Saturday evening, Kim and I went to the Connecticut Forum discussion, Vision and Brilliance which featured Neil deGrasse Tyson, Neri Oxman and Neil Gaiman. The event was sold out; packed with geeks that most likely rarely make it to the Bushnell. I must admit that the only other time I've been to the Bushnell as to see Blue Man Group a couple years ago.
Others have written about what a great event it was, so I'm going to share a few of my thoughts about specific parts of the content. In the slides before the event started, it mentioned that the hashtag for the event was #visionforum. Yet then they played the standard announcement at the beginning of the events at the Bushnell about turning off all electrical devices and not taking photos. A lot of people had their cellphones out as the event started, but the tweeting subsided pretty quickly. Unfortunately, but my phone and Kim's were low on battery power and I didn't get to tweet as much as I would have liked.
John Dankowsky started off with a standard introductory question and the panelists answered the way I had already heard them speak in YouTube videos. Then he moved on to a question about what is vision and brilliance? Where does it come from. The three panelists all seemed to agree and give the same answer in slightly different ways. Vision and brilliance comes from doing what you love. From having a job you don't want to take a vacation from. Tie to that was an important aspect of keeping at your passion, even though others might not understand what you are talking about.
This played out particularly notably between Neri Oxman and Neil Gaiman. Oxman went off on topics about 3D and 4D printing; printing cartilage, printing DNA, and time after time, Gaiman seemed to say, that gives me a great idea for another story. Picasso's theory of relativity, a house seed, and several other ideas.
Oxman had talked about Cubism and the Theory of Relativity emerging at about the same time and how closely related they were in her mind. They were both about taking observations and trying to make sense of them. They both built upon the what was known at the time. It led to some interesting talks about intelligence. Intelligence, at least as it is measured by humans is about learning from others, from not having to rediscover tools or fire in each new generation. I could almost hear President Obama paraphrased into, "You didn't discover that by yourself." I could imagine some conservatives writhing at the idea about how connected and dependent we really are on one another.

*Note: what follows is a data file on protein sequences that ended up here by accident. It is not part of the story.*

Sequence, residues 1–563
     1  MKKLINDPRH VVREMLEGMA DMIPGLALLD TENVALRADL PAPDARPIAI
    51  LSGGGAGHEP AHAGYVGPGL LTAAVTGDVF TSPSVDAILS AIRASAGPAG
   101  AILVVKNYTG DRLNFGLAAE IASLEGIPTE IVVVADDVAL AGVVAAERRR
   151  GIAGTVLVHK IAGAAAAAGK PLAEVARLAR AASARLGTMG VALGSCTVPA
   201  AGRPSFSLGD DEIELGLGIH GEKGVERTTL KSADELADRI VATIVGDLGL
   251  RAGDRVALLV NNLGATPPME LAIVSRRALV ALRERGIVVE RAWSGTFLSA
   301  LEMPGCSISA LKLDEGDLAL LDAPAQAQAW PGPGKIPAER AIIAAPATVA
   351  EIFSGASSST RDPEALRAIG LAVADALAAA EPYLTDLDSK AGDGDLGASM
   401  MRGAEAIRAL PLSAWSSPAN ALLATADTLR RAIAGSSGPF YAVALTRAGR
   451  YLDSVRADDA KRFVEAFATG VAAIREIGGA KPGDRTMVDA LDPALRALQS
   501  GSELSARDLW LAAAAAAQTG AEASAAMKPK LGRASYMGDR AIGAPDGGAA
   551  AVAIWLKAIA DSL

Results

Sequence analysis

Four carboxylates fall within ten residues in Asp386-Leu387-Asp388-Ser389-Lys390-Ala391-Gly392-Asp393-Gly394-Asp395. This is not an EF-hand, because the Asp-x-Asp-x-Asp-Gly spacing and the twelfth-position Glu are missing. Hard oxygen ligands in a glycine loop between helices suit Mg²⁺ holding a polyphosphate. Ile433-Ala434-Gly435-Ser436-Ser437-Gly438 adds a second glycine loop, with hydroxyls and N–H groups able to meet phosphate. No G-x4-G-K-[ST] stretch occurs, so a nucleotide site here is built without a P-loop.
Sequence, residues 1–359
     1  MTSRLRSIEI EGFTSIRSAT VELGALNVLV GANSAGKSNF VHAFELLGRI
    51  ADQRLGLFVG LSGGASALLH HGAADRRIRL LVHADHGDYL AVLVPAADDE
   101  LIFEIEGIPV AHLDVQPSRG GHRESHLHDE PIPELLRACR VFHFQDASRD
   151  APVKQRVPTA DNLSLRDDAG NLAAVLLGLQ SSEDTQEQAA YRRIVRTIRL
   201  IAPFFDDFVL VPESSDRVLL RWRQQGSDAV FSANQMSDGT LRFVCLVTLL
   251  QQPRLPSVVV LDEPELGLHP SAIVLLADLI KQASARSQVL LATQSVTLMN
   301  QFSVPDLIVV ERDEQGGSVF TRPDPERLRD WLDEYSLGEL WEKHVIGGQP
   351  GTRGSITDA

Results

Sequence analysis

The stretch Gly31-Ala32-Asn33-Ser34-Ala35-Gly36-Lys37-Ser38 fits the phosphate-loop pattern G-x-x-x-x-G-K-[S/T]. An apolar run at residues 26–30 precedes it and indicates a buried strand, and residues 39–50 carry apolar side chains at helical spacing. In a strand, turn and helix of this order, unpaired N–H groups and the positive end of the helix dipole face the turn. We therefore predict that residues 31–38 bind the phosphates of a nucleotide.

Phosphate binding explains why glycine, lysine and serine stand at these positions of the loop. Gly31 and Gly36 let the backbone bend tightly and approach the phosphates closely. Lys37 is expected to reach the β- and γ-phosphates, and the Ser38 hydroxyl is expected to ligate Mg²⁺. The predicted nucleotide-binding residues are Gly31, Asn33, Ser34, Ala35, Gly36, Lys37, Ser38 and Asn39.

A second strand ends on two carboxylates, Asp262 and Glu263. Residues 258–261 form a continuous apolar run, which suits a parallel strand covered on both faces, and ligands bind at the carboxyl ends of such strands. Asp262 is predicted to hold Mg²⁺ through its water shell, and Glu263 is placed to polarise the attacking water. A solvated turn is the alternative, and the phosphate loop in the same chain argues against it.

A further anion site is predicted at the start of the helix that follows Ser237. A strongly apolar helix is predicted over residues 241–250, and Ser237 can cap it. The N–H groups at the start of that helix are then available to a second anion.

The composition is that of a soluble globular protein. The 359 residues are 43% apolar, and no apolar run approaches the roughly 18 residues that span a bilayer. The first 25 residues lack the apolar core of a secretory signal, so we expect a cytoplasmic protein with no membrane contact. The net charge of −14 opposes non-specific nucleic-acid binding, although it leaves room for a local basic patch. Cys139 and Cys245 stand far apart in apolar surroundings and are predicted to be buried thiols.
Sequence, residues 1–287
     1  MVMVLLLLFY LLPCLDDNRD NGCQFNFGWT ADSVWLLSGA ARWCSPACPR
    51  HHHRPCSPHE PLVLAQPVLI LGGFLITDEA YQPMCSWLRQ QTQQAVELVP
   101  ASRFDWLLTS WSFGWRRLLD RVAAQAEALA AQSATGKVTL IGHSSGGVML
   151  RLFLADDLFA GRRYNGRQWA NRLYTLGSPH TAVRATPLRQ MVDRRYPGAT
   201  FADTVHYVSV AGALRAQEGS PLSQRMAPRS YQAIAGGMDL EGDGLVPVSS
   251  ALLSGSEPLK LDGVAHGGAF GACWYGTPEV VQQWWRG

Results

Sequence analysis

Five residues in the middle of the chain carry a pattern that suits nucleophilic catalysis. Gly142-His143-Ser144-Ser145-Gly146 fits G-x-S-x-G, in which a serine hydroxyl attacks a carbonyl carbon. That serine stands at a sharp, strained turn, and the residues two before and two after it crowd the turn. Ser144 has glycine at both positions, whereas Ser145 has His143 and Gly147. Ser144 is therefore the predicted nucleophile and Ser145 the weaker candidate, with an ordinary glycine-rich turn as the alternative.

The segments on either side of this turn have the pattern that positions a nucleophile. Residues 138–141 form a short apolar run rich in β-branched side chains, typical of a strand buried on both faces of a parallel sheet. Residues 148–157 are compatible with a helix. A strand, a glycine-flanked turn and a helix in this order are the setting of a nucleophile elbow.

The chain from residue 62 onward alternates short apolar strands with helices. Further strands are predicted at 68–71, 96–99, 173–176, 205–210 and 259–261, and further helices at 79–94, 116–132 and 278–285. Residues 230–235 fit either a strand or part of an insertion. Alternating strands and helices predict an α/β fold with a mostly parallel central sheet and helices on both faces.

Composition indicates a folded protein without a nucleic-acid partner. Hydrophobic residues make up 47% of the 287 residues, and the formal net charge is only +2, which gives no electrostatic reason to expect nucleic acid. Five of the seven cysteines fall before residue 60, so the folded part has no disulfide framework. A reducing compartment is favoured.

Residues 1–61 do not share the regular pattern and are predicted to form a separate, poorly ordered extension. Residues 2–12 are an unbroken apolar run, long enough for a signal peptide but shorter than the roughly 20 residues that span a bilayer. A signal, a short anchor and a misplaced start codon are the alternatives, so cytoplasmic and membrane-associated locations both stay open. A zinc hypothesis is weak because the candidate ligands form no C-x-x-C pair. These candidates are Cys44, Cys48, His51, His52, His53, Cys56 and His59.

After the break, there was a discussion about science and religion. It seemed to fall back on what I believe is a misguided false dichotomy between religion and science. The discussion drifted into the idea of "God of the Gaps", God, described in terms of what science can't explain. I got tired of that discussion over three decades ago in a science and religion philosophy class in college. Tyson spoke favorably about Jefferson's Bible, where Jefferson left out the miraculous and supernatural stuff.
Yet this struck me as anti-science, a sort of science of the gaps. Science is about observing, forming hypotheses and testing them. It is not about discarding observations that contradict current scientific theories. It seemed that Oxman managed to capture the spiritual aspect much more wisely, with an ability to appreciate the beauty of both arts and sciences.
Recently, there was an interview on NPR about a new book about prayer, which broke prayer down to three key forms: Help, Thanks, and Wow. I thought the author was brilliant. We all pray those three prayers in different ways, and Wow is a special place where science, arts, and religion can all meet. It also sums up, fairly nicely, the response to many great ideas that were shared at CT Forum's panel discussion Vision and Brilliance.
The tweeting continued until Sunday, with people talking about another CT Forum nerdfest; perhaps making it an annual event. I know that I have plenty more to write about the event, but I wanted to get these initial thoughts down before the new week started.
The other day, I was listening to Fresh Air on NPR and heard an interview with the screenwriter for the new movie about Lincoln. He talked about Daniel Day Lewis getting into character yet at the same time still texting with him. He referred to himself as Lincoln's metaphysical conundrum. Not only did texting not exist back then, neither did movies. Perhaps the best analogy for Lincoln would have been receiving messages via the telegraph from a playwright.
Yet even with that, there issues of communicating across time remain puzzling. When we write, it is people in the future, thinking of time as an ongoing sequence, that will read what we wrote, not people in the past. Texts somehow made available to an earlier time present interesting issues. Could someone from the future, somehow, share with us text that we will write in the future? Perhaps a biography or some literary criticism of something we are yet to write?
Really, this isn't that new of an idea. There have always been fortune tellers, but they are rarely thought of as bearing messages from a future biographer or a future literary critic. There is the whole realm of the unconscious. Can we learn something about, or perhaps possibly shape our future by discovering or exploring what is in our unconscious?